They say, nature provides, but if you were lost in the jungle, marooned on a desert island or trapped in the wild wastes of the Arctic – how would you fare?
Over millennia, native peoples around the world, have honed their fishing equipment and techniques to ensure that they not only survive – but thrive.
Here is just a taste of the ingenuity that man has employed in using what’s around him to catch his, or her dinner.
Hungry otters in India
Clearly, when fishing in the hotter parts of the world, it pays to let others do most of the work. River Ganges fishermen have perfected the art of training otters to chase fish into their nets.
The animals are captive bred and reared, and when fishing, are held on leashes attached to poles. As the fishermen gradually work their boat closer into the bank, the otters frighten fish up from the river bed, and into the net.
The otters fish best when they’re hungry so considerable skill is required on the part of the fishermen to stop the animals from eating the catch before they’ve got it into the boat. Rest assured though, the furry fishers are well rewarded for their day’s work!
Collared cormorants in China
Practised in China, Japan and Europe – cormorant fishing is these days practised only for the amusement of tourists and by a few traditional purists. The tame birds are reared from hatchlings and spend their lives doing what cormorants do best – fishing.
To stop the birds swallowing the catch, they wear a line tied around their throat. When they catch a fish, they’re brought back to the boat and made to spit it out. If that seems a bit mean, don’t worry, the line is loose enough to allow the creature to swallow smaller fish. This keeps the bird happy, but hungry enough to keep fishing.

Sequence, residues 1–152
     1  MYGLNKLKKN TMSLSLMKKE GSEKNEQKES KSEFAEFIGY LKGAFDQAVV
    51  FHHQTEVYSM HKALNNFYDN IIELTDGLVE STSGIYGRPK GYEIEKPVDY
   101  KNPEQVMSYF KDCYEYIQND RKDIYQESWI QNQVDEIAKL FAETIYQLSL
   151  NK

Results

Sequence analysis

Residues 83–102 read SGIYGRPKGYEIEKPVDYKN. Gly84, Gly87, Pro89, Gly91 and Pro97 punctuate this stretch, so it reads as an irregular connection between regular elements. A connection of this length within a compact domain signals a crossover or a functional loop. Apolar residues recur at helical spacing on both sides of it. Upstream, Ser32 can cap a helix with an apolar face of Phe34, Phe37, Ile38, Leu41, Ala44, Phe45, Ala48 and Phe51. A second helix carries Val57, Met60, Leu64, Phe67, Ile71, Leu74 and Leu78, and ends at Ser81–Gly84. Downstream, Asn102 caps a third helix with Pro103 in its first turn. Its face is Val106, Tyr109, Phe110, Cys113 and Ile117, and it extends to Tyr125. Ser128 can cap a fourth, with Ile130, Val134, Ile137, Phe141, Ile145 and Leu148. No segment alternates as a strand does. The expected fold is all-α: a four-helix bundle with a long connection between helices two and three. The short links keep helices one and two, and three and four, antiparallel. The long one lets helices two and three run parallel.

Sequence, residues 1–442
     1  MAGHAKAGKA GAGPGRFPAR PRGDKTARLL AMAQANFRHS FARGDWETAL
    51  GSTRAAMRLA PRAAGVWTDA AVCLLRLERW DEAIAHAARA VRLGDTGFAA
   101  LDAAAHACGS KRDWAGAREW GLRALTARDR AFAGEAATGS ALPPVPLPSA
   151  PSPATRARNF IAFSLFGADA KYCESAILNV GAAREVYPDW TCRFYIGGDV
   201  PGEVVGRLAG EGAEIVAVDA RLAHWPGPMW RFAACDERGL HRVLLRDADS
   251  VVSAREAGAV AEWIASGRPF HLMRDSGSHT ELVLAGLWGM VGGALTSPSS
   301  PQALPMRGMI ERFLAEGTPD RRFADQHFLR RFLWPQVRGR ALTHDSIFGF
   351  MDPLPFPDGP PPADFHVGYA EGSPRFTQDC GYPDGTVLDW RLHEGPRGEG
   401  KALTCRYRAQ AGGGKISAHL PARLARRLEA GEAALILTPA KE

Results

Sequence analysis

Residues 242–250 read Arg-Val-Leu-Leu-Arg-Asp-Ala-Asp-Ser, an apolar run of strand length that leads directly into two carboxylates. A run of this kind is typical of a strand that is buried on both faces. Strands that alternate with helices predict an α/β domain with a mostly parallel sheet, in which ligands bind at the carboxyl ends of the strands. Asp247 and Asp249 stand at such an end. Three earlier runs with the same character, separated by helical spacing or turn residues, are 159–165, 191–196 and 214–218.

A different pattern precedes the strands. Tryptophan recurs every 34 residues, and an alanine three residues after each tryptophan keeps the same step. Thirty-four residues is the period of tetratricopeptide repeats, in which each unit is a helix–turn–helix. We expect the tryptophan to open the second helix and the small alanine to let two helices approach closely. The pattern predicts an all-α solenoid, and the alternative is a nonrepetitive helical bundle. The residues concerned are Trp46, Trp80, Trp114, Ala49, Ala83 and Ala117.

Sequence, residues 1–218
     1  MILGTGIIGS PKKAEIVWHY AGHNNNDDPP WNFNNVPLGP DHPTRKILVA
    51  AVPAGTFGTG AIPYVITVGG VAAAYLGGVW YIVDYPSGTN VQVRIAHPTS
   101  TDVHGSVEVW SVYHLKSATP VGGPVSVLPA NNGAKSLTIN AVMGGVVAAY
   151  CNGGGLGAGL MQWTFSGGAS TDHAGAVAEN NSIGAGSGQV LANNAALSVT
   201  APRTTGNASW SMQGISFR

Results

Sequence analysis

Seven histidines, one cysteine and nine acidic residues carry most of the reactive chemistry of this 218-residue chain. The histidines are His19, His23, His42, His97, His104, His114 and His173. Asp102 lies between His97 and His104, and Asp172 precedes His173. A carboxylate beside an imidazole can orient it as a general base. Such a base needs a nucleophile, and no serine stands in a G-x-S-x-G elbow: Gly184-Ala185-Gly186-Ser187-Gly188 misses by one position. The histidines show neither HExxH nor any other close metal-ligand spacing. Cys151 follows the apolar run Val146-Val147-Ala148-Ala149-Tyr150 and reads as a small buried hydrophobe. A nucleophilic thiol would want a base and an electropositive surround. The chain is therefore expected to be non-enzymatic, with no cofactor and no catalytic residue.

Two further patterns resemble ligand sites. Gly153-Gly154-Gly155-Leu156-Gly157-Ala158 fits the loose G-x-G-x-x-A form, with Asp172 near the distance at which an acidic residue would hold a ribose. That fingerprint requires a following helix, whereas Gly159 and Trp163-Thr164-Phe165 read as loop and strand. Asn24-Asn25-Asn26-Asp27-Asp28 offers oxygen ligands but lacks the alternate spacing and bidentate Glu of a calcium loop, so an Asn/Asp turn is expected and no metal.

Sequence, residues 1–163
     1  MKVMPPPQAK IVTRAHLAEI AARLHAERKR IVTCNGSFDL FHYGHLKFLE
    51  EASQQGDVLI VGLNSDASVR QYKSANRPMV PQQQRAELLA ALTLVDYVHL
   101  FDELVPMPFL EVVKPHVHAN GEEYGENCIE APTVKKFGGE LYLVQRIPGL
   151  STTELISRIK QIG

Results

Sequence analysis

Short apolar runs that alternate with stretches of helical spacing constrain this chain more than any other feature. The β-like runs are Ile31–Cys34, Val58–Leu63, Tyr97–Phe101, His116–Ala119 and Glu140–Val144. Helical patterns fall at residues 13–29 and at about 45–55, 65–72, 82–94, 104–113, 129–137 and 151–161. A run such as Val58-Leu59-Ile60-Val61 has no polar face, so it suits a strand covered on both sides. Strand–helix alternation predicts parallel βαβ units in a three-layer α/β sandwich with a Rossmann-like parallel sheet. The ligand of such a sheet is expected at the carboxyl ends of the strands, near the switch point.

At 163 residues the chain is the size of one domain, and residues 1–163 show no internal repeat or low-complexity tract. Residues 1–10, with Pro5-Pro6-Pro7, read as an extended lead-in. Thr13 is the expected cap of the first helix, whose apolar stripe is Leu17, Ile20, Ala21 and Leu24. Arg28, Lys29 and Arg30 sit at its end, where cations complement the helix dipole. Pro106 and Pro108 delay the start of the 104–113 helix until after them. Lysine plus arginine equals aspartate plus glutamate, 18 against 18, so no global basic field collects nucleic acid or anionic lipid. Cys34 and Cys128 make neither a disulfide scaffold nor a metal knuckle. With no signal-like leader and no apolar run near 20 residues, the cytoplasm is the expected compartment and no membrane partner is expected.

Fake fish and a sharp stick in the Arctic
First to the frozen North. We are all familiar with the image of the fur clad figure, sat hunched over a hole in the ice, fishing, but just how does your average Inuit catch his Arctic char? Well not always with a hook, as it happens.
After cutting the hole in the ice, a fake fish is lowered into the hole. The fisherman then jigs the lure around until a live fish approaches – and then spears it. In the warmer months, when the ice floe thaws, canoes are used for fishing. In shallow waters, a multi pronged harpoon is often used to spear fish, which, like a lot of traditional inuit foods is usually eaten raw.
Noose and club on the Pacific islands
The Pacific islands are a paradise of palm trees, white coral beaches and coconuts. But if you want to eat – you’d better get busy. That’s because, the remoteness of these pinpricks of land in the vast ocean, means they don’t have much variety of flora and fauna. One extraordinary technique is employed for catching sharks.
Take along the following fishing equipment: a canoe, a rattle, a fish head, a noose and a heavy piece of wood. Throw the fish head in the water, then use the rattle to attract the sharks. When a suitable specimen goes for the bait, just slip the noose over the shark’s head, and clobber it with the piece of wood. Make sure it’s definitely dead though, before bringing it into the canoe.
Poisonous plants in the Amazon
You stand poised on the bow of a dugout canoe as it drifts noiselessly on the gentle current. In your hands, you hold a bow and arrow – the traditional weapon of choice for native fisher peoples throughout the world’s tropical regions. Only – there are no fish. That’s probably because you’ve strayed into Nukak territory.
Here, in the Amazon, the locals have opted for another traditional, and altogether more effective means of fishing. They grind up the root of the Nuun or Lonchocarpus plant – and chuck it in the water. Natural poisons are released that stun the fish. Locals just pick them up in baskets and carry them home.